Employers – Ignoring the Acas Code is Like Shooting Yourself in the Foot


Ignoring the Acas Code on Disciplinary and Grievance Procedures is, in employment law terms, equivalent to shooting yourself in the foot. The point was made by an Employment Tribunal (ET) in the case of a payroll clerk who was afforded no procedural safeguards before his boss sacked him on the spot.

A director of the company for which the man worked accused him of throwing down some files on the floor. He denied the allegation but the director informed him that, if he was going to behave like that, he could take his things and go and find another job. The director sent him an email the following day, confirming his dismissal on grounds of alleged gross misconduct.

After the man launched ET proceedings, the director asserted that his dismissal was the culmination of various forms of misconduct – including rudeness to customers, poor timekeeping and swearing at a colleague – in which he had engaged for at least two years. The incident involving the files was, he said, the final straw.

Ruling on the matter, the ET found that the director had spoken to him once after he referred to a customer as stupid but had otherwise taken no action in respect of his past behaviour. That indicated that he did not consider his conduct unacceptable or a matter warranting dismissal. He genuinely believed that the man had thrown down the files and that this constituted an act of misconduct. There having been no investigation, however, that belief was not held on reasonable grounds.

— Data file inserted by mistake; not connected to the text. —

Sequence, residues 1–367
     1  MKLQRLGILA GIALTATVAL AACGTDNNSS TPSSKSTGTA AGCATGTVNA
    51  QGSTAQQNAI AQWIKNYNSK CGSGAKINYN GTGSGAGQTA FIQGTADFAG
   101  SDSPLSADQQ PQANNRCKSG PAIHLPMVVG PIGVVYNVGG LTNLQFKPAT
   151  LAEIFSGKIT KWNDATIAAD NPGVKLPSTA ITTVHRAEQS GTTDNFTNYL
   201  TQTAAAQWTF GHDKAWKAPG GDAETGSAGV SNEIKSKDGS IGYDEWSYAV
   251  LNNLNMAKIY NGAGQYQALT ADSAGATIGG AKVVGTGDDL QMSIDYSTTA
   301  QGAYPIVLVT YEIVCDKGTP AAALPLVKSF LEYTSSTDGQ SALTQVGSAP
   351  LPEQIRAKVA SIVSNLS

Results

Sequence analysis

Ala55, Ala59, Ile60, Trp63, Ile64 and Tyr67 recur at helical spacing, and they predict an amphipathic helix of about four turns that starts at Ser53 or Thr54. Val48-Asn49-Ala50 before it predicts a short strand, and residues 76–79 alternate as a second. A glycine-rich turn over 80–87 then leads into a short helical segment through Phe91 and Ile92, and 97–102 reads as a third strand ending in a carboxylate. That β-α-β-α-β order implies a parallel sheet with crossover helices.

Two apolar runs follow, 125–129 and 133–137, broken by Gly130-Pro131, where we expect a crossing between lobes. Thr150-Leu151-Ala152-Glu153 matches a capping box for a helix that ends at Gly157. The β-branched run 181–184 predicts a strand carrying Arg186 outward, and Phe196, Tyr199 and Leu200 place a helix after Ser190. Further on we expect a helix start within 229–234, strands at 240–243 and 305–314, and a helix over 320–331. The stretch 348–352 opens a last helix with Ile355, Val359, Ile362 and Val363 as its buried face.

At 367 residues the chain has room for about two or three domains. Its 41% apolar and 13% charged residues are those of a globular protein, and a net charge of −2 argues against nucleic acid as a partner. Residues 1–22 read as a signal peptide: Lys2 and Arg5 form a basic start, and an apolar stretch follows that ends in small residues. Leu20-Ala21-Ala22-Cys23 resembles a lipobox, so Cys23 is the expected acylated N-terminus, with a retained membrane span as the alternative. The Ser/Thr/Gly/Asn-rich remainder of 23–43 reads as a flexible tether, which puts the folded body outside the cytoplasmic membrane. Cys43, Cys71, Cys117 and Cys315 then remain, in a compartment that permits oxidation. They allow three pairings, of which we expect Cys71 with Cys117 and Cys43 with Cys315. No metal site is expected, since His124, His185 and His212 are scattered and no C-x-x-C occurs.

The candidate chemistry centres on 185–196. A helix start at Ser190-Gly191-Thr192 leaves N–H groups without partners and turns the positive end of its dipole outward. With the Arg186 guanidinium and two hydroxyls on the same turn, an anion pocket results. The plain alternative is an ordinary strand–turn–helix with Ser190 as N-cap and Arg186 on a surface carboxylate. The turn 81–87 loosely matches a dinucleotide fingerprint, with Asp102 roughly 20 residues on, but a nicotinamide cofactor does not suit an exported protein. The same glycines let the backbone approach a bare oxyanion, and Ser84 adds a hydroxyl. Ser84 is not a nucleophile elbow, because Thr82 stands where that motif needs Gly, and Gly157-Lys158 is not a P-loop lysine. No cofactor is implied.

The director was aware of the Acas Code but the ET found that he had ignored it. He did not follow it because he did not want to. The man had received no previous written warnings and he was not afforded an appeal hearing. He had no opportunity to defend himself and no reasonable employer would have dismissed him without even speaking to him about what he was alleged to have done wrong.

Given his 10 years’ service with the company, his dismissal in response to the files incident was not in any event a sanction within the range of reasonable responses open to a reasonable employer. The ET upheld the man’s complaints of unfair and wrongful dismissal and awarded him a total of £10,384 in compensation.

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